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Party Girl | By Rebekah Sanderlin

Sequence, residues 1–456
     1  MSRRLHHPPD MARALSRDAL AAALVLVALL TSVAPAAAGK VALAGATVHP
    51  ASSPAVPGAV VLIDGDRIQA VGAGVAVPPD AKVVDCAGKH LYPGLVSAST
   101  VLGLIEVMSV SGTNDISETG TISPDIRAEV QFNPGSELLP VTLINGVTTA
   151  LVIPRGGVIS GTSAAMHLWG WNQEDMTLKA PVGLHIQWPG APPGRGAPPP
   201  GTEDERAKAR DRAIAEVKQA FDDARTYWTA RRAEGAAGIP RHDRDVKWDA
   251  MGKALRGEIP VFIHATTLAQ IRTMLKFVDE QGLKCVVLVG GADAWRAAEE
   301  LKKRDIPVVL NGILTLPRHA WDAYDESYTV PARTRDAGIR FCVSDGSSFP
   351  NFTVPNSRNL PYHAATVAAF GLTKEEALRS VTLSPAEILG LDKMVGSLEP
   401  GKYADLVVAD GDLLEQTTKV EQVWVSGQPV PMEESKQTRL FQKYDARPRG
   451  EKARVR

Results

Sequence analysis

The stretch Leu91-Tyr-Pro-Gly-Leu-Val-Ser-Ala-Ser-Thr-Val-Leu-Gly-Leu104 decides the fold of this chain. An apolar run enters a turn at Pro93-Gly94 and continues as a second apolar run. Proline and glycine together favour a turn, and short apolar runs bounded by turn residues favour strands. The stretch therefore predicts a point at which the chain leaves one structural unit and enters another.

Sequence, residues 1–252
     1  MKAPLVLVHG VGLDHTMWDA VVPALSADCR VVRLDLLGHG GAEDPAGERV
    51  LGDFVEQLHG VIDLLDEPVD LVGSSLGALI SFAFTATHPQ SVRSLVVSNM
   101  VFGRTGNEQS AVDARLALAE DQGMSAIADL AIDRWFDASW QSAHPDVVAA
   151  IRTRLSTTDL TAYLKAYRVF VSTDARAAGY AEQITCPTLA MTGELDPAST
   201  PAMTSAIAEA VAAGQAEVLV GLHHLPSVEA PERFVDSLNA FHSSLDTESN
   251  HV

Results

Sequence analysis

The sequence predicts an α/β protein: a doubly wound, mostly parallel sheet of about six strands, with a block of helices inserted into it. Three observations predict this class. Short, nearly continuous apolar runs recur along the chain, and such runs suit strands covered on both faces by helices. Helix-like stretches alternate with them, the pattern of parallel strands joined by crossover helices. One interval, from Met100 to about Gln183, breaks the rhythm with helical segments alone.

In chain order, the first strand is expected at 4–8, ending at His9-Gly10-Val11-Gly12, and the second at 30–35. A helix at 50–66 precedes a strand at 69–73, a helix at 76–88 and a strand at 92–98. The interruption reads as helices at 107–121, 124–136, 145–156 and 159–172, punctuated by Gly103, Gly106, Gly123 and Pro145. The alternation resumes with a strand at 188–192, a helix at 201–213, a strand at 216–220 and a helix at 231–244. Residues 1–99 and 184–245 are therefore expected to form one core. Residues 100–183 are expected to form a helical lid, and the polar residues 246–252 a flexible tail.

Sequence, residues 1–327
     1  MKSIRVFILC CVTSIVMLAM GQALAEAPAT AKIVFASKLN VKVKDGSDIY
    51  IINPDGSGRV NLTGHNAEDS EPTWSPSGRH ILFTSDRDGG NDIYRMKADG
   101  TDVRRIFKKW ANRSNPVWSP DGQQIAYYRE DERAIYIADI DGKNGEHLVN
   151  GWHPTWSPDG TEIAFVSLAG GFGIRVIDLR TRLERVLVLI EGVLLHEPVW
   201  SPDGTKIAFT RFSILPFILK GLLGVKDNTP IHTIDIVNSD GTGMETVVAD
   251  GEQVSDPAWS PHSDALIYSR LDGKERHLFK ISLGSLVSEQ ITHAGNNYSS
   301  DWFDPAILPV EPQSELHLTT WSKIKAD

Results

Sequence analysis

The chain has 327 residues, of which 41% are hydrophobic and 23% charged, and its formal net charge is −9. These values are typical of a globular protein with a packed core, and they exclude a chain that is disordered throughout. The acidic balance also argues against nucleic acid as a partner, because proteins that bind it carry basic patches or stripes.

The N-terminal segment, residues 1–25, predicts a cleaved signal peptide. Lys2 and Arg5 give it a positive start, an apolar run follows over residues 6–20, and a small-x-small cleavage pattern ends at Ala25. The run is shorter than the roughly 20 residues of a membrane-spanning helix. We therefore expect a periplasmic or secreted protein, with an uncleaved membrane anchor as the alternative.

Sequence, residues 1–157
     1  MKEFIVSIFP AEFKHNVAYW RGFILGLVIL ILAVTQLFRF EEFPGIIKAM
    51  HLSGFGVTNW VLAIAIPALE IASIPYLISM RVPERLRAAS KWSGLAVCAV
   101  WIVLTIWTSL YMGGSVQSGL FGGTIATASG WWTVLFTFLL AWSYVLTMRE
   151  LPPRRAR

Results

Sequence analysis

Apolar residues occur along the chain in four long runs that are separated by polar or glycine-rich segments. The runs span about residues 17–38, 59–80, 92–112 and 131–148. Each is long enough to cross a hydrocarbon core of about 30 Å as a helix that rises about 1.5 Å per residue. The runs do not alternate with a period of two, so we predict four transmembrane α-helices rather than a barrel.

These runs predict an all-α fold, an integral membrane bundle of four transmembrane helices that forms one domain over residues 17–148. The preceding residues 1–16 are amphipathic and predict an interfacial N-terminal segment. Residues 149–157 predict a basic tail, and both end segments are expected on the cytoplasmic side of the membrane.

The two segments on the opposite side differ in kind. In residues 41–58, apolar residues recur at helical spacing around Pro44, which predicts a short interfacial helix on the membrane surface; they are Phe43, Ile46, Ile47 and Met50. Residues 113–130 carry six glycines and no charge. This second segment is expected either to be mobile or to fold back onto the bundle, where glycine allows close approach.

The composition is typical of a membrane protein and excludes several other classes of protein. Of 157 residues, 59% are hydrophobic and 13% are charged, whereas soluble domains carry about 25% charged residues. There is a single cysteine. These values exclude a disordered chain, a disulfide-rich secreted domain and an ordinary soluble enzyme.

Cynthia Ross often finds herself at the center of a party – exactly the last place she ever thought she’d be. “It’s odd,” she said, “but I’m not a party person.” However, as the owner of C.P. Ross Designs, Ross is known for for her award-winning table designs. She uses everyday materials like flowers, plates and glasses to create fanciful and whimsical worlds for her very discerning clients. Her tablescapes can cost thousands of dollars to put together and have been featured in wedding planning magazines and books. Year after year she ranks among the top designers in the country for her work and said she can walk into a bare room and immediately visualize exactly how she wants to decorate it for an event. Still, Ross said she’s shy by nature and, when she attends an event as a guest, she’s more likely to hang tight to the walls. “As a child I always wanted to be an actress,” Ross said. “Now it’s like the best of both worlds. It’s like taking on a character role when I plan an event.” Ross began dabbling in event planning about 20 years ago while still living in her hometown of Florence, SC and she has been seriously planning events for the past 10 years. When she first moved to Fayetteville in 1996 she volunteered with The Arts Council in order to gain event planning experience. After a few years of donating her services to The Arts Council she said she felt ready to plan events for paying clients. “I just love what I do,” she said. “Every event is like a new set of challenges.” These days she is most known for her elaborate table designs. Using common items like candlesticks, chargers, china, flatware and uncommon items like – well, pretty much anything – she has made a name for herself as one of the premier table designers in the country. Ross said she discovered the world of table decorating at a special events conference in Las Vegas in 2004. “It was like going to Disney World for events,” Ross said. “I couldn’t get enough of it. I saw the tabletops competition and thought: I am going to enter that.” And that’s what she did. The following year Ross sketched out an intricate design for a wedding table for four and entered it in the under $1000 competition at the conference. Every element of the design had to include a price. To her great surprise, her design was one of only five picked to be on display at the event. She was hooked. “Just being selected is like winning because they only pick five designs,” she said. “I never thought they’d pick mine because nobody knew me. I was a nobody.” She entered the tabletops competition again in 2006, this time with a table design themed “Ernest Hemingway by the Sea.” She used organic elements such as bamboo chairs and place mats and heavy wooden accents and glass lanterns to evoke a masculine feel not commonly found in the event planning world. Her coup de grace was placing a message in a bottle – a different quote from Hemingway himself – at each place setting. She won the competition and says that table is still her favorite of all her designs. Ross’ table designs have since been featured in Wedding Style magazine and in a coffee table wedding book titled “Being in Love Never Goes Out of Style.” Though tables are what she’s best known for, Ross frequently takes on all aspects of event planning for a client, including finding and reserving a space, setting the lighting, coordinating the parking and all of the other not-so-exciting details. She said that an event can be perfect inside, but if guests have trouble parking they’ll enter in a bad mood – and no amount of tea roses and crystal will be sufficient to cheer them. “It isn’t just about the glamour,” she said. “You have got to have the logistics, too – the permits, the electrical, the fire marshall.” It’s also important to her that the event not only be something she likes, but that it also meet her client’s expectations, she said. She works closely with clients to create whatever atmosphere the client has in mind. The most memorable event she has ever planned was a recent wedding, she said. The bride and groom had three very specific items they wanted included in their reception: A large stuffed peacock (it had formerly been a pet), crystallized fruit and a shoe tree by the dance floor so guests could kick off their uncomfortable shoes and give their feet a break later in the evening. Ross said she made the peacock the theme for the entire reception. She placed the stuffed bird itself in the center of the lounge area and then decorated the event with peacock feathers, parasols hanging upside down in the tent and peacock-inspired colors throughout. She says the reception turned out so beautiful that she plans to submit pictures of it to a wedding magazine. Still Ross, ever the wallflower, admits that for her the highlight of any event is the calm before the storm. “My favorite part is right before an event when all my helpers have left and I get walk around and tweak the tables and imagine how the guests are going to feel when they enter,” Ross said. “I just love that.”